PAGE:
Dealing with my own stuff is difficult and draining. I get fatigued of swallowing and pushing through it in order to make space for and cater to others. People who take up excessive amounts of space, who force everyone else to deal with their character flaws and troubles with seemingly zero awareness and zero effort on improving drive me nuts. So, I really hate dealing with other people’s uninhibited abnormalities and having to be incredibly compassionate and inconvenienced by their life stress. It always seems entitled.
Maybe I’m just upset about the lack of reciprocity. The world doesn't take a knee for me when I need a moment so I get frustrated when the game has to stop for others. Maybe that’s my own fault for not ever broadcasting my own shit (until now). I wasn’t really raised to do so. Growing up I participated in a lot of community/team based activities. The group/team was far more important than personal/individual stuff. Very ant colony & bee hive stuff.
Plus, as it is said by the faceless mass we call They, men are not socialized to have great emotional intelligence. I often struggle to find words. Add that to the intensity of my emotions and that's just a recipe for crappy expression. Being Black/Brown cishet man, I have to pay extra attention to which emotions are expressed and to what degree. It is my experience that we don’t get the same allowances or the same reactions. There's a documentary about this I think. The Mask You Live In (Check the Trailer) Implicit bias says that I am already seen as innately menacing. A reasonable amount of anger could still get me arrested or shot. And despite what your progressive social media circles may tell you, ain't nobody got time for Brown boy melancholy. "Toxic masculinity" abounds.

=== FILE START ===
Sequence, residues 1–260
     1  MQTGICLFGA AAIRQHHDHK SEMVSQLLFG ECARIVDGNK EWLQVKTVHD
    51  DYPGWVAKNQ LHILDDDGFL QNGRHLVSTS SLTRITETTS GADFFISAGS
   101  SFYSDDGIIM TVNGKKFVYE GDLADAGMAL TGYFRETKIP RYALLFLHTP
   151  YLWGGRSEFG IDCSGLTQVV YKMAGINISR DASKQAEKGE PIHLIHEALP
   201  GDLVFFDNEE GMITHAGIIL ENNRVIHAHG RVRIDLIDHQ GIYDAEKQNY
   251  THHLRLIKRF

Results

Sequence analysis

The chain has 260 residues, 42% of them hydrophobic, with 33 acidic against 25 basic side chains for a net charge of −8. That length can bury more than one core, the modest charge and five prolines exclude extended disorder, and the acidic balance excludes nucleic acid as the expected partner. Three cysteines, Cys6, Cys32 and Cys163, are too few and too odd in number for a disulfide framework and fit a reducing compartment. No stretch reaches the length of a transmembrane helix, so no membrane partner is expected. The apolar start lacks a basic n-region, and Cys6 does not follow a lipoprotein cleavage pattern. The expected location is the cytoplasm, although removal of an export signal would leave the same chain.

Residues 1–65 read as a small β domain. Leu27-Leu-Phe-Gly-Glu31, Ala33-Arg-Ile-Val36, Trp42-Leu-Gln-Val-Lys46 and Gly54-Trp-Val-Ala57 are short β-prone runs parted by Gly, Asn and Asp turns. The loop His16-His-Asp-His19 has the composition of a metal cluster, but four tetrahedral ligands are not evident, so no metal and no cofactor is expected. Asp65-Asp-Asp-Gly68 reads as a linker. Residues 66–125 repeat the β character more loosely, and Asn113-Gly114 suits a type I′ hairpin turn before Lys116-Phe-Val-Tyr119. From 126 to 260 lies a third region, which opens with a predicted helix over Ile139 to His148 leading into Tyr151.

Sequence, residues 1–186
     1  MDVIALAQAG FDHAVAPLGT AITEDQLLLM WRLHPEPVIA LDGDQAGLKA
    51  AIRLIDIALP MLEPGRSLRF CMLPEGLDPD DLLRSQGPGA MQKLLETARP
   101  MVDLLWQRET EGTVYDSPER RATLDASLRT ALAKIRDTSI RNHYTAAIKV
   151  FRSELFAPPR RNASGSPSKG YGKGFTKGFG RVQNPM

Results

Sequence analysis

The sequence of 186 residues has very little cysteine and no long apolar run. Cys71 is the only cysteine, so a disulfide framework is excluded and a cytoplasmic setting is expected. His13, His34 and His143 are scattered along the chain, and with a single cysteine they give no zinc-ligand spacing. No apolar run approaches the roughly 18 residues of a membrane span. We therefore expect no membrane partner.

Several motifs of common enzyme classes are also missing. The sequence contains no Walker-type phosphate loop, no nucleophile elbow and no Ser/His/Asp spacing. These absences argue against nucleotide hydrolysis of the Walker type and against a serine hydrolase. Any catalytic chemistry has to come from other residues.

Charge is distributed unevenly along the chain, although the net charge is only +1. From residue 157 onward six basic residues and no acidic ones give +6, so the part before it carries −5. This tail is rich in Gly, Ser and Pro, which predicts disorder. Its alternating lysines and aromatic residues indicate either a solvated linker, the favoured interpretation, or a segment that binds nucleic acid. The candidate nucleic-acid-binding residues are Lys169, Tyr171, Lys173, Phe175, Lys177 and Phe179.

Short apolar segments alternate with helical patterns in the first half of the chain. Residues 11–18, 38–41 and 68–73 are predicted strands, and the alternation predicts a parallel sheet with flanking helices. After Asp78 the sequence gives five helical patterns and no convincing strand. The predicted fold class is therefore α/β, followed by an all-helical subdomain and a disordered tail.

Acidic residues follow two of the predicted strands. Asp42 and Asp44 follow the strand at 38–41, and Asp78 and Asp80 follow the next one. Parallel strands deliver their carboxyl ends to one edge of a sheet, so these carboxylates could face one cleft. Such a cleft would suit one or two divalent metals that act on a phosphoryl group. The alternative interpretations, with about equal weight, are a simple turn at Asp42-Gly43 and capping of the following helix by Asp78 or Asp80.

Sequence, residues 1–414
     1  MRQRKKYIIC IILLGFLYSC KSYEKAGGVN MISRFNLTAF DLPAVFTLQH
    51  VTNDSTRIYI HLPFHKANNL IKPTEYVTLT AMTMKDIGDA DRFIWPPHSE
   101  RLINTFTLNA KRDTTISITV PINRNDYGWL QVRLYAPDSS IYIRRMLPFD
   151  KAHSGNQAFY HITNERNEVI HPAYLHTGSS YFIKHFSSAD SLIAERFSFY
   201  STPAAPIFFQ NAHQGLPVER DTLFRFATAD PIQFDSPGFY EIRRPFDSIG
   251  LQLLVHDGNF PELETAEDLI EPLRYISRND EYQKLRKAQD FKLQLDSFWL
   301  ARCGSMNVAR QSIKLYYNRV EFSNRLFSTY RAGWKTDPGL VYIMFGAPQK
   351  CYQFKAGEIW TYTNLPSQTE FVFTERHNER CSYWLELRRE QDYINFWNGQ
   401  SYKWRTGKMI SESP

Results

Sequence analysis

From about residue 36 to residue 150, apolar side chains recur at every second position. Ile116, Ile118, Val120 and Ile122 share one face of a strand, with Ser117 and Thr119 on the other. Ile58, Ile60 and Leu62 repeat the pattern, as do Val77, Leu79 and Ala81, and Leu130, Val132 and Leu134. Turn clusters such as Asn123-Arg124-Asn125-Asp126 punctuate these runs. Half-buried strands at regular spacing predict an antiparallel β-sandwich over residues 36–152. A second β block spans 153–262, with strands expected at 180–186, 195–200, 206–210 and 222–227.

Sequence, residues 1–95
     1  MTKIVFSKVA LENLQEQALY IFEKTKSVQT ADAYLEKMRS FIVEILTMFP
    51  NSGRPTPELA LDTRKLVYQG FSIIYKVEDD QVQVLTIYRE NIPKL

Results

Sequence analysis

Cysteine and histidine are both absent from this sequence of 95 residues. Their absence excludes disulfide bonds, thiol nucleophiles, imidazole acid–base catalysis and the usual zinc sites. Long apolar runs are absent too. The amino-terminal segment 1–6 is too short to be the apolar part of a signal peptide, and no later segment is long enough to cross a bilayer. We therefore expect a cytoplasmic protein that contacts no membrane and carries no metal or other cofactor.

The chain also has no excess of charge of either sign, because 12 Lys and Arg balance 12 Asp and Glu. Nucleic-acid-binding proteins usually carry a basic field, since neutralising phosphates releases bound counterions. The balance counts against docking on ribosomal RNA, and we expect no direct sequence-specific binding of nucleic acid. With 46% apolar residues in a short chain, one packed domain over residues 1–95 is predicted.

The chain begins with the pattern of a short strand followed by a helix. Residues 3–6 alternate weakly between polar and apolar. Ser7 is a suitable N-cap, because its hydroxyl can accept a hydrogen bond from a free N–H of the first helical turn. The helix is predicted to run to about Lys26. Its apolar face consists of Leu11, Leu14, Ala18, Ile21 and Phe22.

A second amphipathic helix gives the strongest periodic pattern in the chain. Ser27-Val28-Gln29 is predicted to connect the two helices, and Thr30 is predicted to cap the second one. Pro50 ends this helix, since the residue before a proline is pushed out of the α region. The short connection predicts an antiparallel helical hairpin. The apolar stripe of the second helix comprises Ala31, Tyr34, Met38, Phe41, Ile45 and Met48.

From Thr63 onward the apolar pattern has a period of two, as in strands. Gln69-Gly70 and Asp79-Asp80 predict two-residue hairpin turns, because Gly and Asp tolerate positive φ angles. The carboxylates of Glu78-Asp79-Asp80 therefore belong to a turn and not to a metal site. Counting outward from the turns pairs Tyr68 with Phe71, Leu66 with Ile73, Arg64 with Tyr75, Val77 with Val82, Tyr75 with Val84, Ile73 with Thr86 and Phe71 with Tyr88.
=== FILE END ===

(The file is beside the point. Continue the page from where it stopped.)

It’d be nice if everyone defaulted to putting the needs of the whole over their own. But, when we experience scarcity and are living with survival mindsets, it’s every (wo)man for her/himself. Blame individualistic western culture maybe? Maybe it's how small and rigidly we define family. Being the last one holding onto community values really just leaves you left out. The tragedy of the commons I believe is what it’s called. Scarcity of care.
So, you learn to aggressively and unapologetically take space despite how it affects everyone and everything around you because it’s often not given and you'd otherwise self destruct. And you learn to limit when and how much you can give a damn about other people and other things.
So, I know that I'll push through things somehow because I've always had to. I'm still here. I credit the slave resilience and grit running through my veins.